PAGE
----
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May 8, 2017 · A Donor's Story: Joe Receives Life-Saving Transfusions in Blood Donor Program

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When Joe was only three years old, he started experiencing severe headaches. When the headaches couldn’t be treated, he underwent a CT scan and was later diagnosed with a rare primitive neuroectodermal tumor, a highly malignant tumor composed of small round cells that affect soft tissue and bone. For Joe, this tumor was growing in his brain.

Joe had surgery to remove the large mass in his head and then went through several rounds of radiation treatment that spanned several months. His tiny body continued to fight the cancer as he underwent three cycles of high-dose chemotherapy with a stem cell transplant after each dose. He relied on transfusions of red blood cells and platelets until his stems cells engrafted and began to generate new blood cells.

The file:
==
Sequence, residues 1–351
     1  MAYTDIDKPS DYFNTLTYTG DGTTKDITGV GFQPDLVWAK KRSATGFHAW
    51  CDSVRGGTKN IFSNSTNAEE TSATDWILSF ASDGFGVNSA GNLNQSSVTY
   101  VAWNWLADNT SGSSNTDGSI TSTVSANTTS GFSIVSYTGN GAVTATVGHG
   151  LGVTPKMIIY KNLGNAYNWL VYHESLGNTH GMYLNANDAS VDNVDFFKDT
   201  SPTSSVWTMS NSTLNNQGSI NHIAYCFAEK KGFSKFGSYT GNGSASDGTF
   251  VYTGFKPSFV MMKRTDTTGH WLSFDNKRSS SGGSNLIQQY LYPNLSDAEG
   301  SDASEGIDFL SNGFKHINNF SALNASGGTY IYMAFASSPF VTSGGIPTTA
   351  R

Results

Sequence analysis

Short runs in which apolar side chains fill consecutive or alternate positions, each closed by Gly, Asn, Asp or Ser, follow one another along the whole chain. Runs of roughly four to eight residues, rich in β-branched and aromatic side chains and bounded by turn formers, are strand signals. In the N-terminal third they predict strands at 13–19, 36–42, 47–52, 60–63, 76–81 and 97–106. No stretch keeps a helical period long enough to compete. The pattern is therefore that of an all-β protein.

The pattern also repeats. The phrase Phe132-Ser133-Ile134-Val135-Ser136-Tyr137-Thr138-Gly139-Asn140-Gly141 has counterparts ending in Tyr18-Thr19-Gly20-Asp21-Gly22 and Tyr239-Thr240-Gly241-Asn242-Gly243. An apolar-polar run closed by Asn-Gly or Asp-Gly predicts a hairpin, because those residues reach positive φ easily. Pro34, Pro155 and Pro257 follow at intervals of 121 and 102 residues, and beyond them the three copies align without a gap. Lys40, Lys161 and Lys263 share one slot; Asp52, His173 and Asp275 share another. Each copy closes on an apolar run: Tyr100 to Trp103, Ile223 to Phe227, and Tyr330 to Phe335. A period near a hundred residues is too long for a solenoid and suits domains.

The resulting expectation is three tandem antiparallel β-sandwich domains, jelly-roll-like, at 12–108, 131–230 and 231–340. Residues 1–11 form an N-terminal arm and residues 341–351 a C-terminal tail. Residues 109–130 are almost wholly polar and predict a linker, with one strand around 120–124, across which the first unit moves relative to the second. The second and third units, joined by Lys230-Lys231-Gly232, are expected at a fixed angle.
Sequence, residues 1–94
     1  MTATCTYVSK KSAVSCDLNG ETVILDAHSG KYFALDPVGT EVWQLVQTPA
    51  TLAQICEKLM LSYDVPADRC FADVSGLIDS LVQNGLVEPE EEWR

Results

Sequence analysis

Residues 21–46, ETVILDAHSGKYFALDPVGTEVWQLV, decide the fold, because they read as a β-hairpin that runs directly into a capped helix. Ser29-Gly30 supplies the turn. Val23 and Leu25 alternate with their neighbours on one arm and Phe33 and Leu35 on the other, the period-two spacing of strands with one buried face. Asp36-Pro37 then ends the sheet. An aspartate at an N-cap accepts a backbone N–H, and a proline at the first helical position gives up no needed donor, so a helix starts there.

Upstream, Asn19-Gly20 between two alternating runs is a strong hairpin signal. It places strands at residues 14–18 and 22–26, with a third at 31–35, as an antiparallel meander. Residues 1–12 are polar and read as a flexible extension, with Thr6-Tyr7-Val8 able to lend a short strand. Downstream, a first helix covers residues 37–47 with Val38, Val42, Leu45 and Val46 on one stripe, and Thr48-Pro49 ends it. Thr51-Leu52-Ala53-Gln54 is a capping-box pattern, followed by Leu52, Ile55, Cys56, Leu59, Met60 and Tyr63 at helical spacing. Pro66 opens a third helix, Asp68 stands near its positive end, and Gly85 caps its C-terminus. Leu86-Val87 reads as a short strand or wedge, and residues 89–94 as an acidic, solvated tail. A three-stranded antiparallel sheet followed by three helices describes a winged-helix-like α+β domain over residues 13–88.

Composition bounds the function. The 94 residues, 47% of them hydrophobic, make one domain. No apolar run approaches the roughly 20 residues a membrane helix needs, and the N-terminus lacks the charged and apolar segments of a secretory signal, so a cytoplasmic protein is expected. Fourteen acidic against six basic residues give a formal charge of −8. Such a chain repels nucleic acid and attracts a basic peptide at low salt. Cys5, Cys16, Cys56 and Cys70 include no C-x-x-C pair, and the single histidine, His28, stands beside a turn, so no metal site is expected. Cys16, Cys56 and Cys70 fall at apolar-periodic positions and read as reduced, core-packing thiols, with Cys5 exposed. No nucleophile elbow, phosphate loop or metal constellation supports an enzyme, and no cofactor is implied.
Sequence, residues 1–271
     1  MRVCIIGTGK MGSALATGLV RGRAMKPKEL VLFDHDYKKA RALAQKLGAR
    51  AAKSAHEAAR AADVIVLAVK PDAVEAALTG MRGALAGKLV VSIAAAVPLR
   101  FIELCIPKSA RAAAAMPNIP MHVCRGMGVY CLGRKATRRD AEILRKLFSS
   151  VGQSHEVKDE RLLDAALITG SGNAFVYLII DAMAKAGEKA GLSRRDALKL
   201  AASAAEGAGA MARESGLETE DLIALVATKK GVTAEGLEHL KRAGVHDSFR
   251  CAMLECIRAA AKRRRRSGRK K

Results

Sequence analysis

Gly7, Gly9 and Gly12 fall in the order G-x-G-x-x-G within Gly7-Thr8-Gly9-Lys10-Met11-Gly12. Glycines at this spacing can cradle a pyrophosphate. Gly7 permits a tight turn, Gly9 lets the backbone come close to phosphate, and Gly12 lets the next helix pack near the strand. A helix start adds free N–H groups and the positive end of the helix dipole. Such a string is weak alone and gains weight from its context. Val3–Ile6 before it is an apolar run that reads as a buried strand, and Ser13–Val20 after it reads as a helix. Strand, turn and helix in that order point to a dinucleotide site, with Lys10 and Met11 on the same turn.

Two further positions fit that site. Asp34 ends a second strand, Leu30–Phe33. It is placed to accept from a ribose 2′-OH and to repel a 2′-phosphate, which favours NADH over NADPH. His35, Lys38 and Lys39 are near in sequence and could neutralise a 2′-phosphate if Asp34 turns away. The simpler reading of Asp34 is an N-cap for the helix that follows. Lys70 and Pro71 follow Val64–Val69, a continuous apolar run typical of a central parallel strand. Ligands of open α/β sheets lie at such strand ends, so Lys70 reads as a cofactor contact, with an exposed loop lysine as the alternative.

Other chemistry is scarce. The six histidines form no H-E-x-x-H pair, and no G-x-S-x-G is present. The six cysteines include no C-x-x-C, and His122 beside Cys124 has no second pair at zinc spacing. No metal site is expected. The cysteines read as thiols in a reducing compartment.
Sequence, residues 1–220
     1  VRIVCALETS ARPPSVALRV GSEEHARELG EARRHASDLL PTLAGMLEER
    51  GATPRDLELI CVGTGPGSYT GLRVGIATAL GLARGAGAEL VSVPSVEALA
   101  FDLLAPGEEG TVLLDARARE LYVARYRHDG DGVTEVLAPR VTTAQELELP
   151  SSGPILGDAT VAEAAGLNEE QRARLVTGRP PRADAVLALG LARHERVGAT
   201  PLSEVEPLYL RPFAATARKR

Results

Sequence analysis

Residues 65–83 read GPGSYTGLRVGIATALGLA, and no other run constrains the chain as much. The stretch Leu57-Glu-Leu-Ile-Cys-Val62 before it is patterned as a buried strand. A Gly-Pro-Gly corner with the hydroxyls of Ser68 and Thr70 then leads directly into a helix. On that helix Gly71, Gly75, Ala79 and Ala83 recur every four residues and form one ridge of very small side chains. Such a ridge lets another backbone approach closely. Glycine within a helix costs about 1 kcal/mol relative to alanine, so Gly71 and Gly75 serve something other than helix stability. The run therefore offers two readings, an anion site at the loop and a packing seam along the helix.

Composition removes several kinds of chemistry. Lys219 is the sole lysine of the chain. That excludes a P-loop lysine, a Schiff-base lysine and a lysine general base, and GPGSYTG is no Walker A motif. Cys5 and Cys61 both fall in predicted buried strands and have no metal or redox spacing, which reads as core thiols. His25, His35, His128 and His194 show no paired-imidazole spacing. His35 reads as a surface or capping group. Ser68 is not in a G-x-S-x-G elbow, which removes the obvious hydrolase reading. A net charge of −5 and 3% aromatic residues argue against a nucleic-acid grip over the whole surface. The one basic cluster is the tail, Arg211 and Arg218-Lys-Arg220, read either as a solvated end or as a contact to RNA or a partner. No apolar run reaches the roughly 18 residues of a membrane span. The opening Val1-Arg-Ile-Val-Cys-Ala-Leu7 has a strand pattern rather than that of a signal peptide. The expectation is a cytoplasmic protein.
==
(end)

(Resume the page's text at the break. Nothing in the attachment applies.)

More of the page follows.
“Without all of those blood transfusions, there is no way that I could have made it through the chemotherapy,” says Joe, now a healthy young 19-year-old. “Just one blood donor has the ability to help so many people, with one selfless act. I am so grateful to so many people I will never meet.”

Joe is doing great, leading a full life, and thankful for the many blood donors who helped him during his recovery. “Those people saved my life. I want all blood donors to know that what they do does make a difference in patients’ and families’ lives. 100%. They are heroes.”

Mar 20, 2017 · A Donor’s Story: Colton Receives Life-Saving Donations in Blood Donor Program